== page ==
(2) The power to grant leave to take proceedings is conferred in unrestricted terms, though earlier decisions may illuminate its exercise

This principle gives the clue to the nature of the jurisdiction being exercised and its main advantages, as well as areas for concern. In the Garcha decision there was a very large membership of the Charity. Committee elections had been fought upon a manifesto. A new committee had been elected with a mandate to take particular action. The question arises whether in such circumstances this unfettered jurisdiction permits the Court to take a view about the best interests of the Charity which is not shared by the committee as the elected or nominated representatives of the membership. Such a decision may fall within the realm of a “policy” of a Charity or the “discretionary area of judgment” left to the elected decision makers by Charity’s constitution or Scheme. The comparison with the approach of the Courts to decisions of bodies subject to judicial review inevitably comes to mind. Does this part of the test permit the Court to substitute its view about the best interests of the Charity for that of the decision maker? Is the Court likely to ask the question whether the decision to commence or continue proceedings was within the range of reasonable decisions open to the decision maker?

Norris J held that it was for the Court to decide whether the commencement of litigation for delivery up of legal papers held by or on behalf of the former committee amounted to the “least unsatisfactory” way of resolving what he categorised as “the dispute” between rival factions represented by the two committees.

(3)  The weight to be attached to the Charity Commission’s decision

The Court is exercising an original jurisdiction when making a decision whether or not to grant permission for legal proceedings under section 115(5). Inevitably the Charity Commission’s refusal of permission to bring the proceedings will be an important part of the evidence. Norris J. held that the Charity Commission’s decision is entitled to respect because of the expertise brought to bear in making it.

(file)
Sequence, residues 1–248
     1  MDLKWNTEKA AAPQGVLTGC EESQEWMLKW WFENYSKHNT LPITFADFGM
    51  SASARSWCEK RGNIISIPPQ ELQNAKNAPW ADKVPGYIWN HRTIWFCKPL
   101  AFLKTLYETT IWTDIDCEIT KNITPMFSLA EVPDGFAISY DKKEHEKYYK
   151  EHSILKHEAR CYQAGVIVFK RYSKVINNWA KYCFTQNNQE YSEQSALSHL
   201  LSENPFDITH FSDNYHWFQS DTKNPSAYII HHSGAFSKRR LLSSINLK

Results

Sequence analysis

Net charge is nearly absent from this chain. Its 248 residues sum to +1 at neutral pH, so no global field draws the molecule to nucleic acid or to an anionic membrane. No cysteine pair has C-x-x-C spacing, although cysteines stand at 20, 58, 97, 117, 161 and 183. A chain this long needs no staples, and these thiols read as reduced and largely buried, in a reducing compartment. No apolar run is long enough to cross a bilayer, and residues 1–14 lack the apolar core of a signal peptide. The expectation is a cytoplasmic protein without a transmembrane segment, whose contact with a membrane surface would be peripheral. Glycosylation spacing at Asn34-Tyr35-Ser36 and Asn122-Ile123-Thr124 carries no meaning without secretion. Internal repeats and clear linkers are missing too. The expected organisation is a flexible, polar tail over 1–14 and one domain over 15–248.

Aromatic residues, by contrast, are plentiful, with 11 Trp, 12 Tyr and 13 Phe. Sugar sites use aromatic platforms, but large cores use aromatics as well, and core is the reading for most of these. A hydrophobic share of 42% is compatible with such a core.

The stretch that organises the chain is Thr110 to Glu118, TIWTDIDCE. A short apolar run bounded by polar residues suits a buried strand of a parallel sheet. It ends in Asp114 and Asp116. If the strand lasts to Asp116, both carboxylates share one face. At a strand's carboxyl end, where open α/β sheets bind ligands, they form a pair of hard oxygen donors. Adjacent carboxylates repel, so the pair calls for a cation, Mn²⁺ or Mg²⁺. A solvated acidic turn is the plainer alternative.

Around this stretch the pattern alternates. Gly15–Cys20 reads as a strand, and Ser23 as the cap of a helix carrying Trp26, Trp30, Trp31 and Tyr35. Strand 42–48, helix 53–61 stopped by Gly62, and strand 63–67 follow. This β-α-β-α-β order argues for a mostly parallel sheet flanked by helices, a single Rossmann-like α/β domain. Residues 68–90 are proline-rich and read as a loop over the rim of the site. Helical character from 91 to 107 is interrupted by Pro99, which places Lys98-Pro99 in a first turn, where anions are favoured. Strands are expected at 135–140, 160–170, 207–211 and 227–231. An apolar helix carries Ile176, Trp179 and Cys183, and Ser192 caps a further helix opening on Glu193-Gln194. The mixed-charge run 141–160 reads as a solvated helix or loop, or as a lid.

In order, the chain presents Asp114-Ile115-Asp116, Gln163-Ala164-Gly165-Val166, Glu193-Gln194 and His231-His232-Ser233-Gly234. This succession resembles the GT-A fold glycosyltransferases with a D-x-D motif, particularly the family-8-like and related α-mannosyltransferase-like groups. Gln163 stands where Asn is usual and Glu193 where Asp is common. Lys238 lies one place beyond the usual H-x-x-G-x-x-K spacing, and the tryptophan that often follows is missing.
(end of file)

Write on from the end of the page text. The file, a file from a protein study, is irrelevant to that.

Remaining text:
In his decision in an earlier case (Rai) 4 Norris J noted the Charity Commission had developed a structured approach (recorded in Picarda “The Law and Practice Relating to Charities” 4th edition p. 919) identifying the following questions to be considered:-

a) Is the disputed matter properly pleaded?

b) Are there proper parties?

c) Does the proposed action raise issues of substance which should be addressed through the court?

d) Has the matter in dispute been brought in good faith?

e) Are there alternative ways to resolve the issues, and if so, have they been explored?

f) What are the costs of the litigation?

g) What values do the assets involved (financial, reputational or otherwise) have?

h) Would to grant or refuse an order authorising the proceedings interfere in a disproportionate or unjustified way with rights protected by the Human Rights Act 1998?

Norris J noted that the answer to each of those questions is likely to be informed by the Commission’s own experience (which is inevitably greater than that of the Court).This assumes of course that the Charity Commission’s decision is based upon all of the evidence available to the Court, which may not necessarily be the position.

(4) The merits of the proposed proceedings